Genetically-Altered Pigs in food supply

Discussion in 'Pigs' started by Junkmanme, Jan 18, 2007.

  1. Junkmanme

    Junkmanme Well-Known Member

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    Here's a link to another "discussion" with info on generically-altered pigs intended to provide Omega-3:

    http://www.homesteadingtoday.com/showthread.php?p=1949599#post1949599

    It may be a "good thing". I dunno enuf to have any opinion. :shrug:
    Bruce

    I'm thinkin' 'bout raisin' a pig this year. Maybe I should get THAT KIND of pig.....to improve my heart-health! (Had another heart-attack last April)
     
  2. highlands

    highlands Well-Known Member

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    There is another way to get high Omega-3 fatty acids (healthy kind, good for your heart) in pigs without doing any genetic engineering, pasture them. If they get a lot or ideally most of their food from the pasture then they will be naturally high in Omega-3 - same as beef, lamb, etc done on pasture.
     

  3. Junkmanme

    Junkmanme Well-Known Member

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    Hi Highlands! at SugarMtnfarm.com

    Thanks for the reply!

    I don't know "diddly" about pigs. I have a good friend and neighbor who knows a bit. He's been raisin "farm critters" all his life! Another crazy "Texan" who wears his pants tucked "INSIDE" his boots......only Texans do THAT!!
    When he needs to go somewhere, he tells me what to do and I take care of his "critters". (He gives me the chicken eggs......some of which I'm trying to "incubate in a "Rube Goldberg" makeshift homemade incubator (no big expectations!!).

    I'm going to "raise some rabbits" this Spring , also....for meat.

    Also SERIOUSLY CONSIDERING raising 2 pigs (a breeding pair). I do a lot of "smoking" of meats,and making pickles, etc. I'd like to "smoke" some hams...."Carolina-style" and pickle some other portions.

    I've been thinkin' 'bout "rare breeds" of pig......Red Wattles (sp) and Big Black Pig (name?)...because I figure if I'm feedin' 'em....the Ones that are gettin few ain't likely to eat a helluva lot more than any so-called field or standard pig. (If I do the pig thing......it is going to really make my "Boxer-Dog" upset with me !) (I'm gonna have to find a way to convince him that they are HIS PIGS !!!!)(same with the chickens and rabbits!!!!)

    Anyway, these are my "planned projects.....besides the garage/workshop (main important!) and the WONDERFUL veggie-garden!!!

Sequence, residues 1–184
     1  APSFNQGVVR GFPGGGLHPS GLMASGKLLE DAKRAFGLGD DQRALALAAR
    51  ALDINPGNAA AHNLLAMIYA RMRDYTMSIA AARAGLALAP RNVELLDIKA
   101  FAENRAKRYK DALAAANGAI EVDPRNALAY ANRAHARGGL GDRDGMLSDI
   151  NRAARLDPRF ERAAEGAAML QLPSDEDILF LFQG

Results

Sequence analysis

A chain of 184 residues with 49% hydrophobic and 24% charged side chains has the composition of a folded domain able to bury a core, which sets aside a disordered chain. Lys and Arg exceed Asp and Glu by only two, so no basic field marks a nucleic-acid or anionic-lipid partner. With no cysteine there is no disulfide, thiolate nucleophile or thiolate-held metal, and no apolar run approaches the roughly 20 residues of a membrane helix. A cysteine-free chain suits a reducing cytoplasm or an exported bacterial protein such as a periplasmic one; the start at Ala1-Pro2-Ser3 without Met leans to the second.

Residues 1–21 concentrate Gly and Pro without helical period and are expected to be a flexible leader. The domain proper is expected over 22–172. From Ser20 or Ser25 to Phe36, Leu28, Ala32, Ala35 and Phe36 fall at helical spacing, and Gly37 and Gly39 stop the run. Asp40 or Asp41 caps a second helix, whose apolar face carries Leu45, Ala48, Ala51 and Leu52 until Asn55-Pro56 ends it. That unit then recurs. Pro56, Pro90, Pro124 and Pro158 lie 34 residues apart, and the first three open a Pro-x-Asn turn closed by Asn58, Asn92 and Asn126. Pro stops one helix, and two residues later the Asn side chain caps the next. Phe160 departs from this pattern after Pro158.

Sometimes I talk too much..........
    Best Regards,
    Bruce

    We have dreams that are easily fulfilled with commitment! Author: ME
     
  4. highlands

    highlands Well-Known Member

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    Bruce, Pigs are very easy. I'm sure you'll have fun with them. Of the varied livestock we have, pigs are the easiest, grow the fastest, eat the most varied diet and reproduce the most. Hmm... Except for chickens on that last one I guess. :) Bacon and eggs. Cheers, -Walter
     
  5. Junkmanme

    Junkmanme Well-Known Member

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    Hi Walter!

    Well, I guess I'll try it!
    (I'm sure "the texan" will help me if I run into "trouble".!!!!!)

    My problem ( no biggie !) is that I would "prefer" to raise some "old-fashioned" ( read as a gardener) ......"Open-Pollinated Heirloom" types.....

    THAT may not be "possible" here, because of what may be available locally......."Any breed/cross" GOOD PIG!"

    I dunno, but I figure it's "pretty much" the same except for my personal prejudices.....

    Also, speaking of "prejudice".....I had a posting deleted because I used the word "Jap" relative to a posting about POW in WW2...... Gees.....some people are not only "thin-skinned", but kinda historically incomplete............

    My children know about the HELL "their grandfather" went through after the "Fall of Bataan" and it doesn't matter if someone is ignorant of it. That's the "historically ignorant" person's "sword of Damocoles"........NUFF SAID!!!

    Best Regards!
    Bruce
     
  6. Rogo

    Rogo Well-Known Member

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    From the No Nais site - http://nonais.org/


    USDA Allows in Mexican Pork

    Home grown diseases aren’t good enough for the USDA, they’ve got to import more disease from other countries. Perhaps that way they can justify spending hundreds of millions of dollars an overly complex, invasive accounting system like the National Animal Identification System (NAIS).

    US food companies may soon be able to restart sending their pork supplies to Mexico for processing, if US Department of Agriculture (USDA) proposals are given the go-ahead.


    "The USDA’s Animal and Plant Health Inspection Service (APHIS) has issued a proposal to allow the importation of uncooked pork and pork products from designated regions in Mexico, where classical swine fever (CSF) is considered to exist, if the shipments originate in an area free of the disease."

    -George Reynolds for Farm.com


    Every time the USDA speaks their lips are moving on both sides of their face. US pork farmers should be shrill about this one. Perhaps the new goal is to outsource our food supply.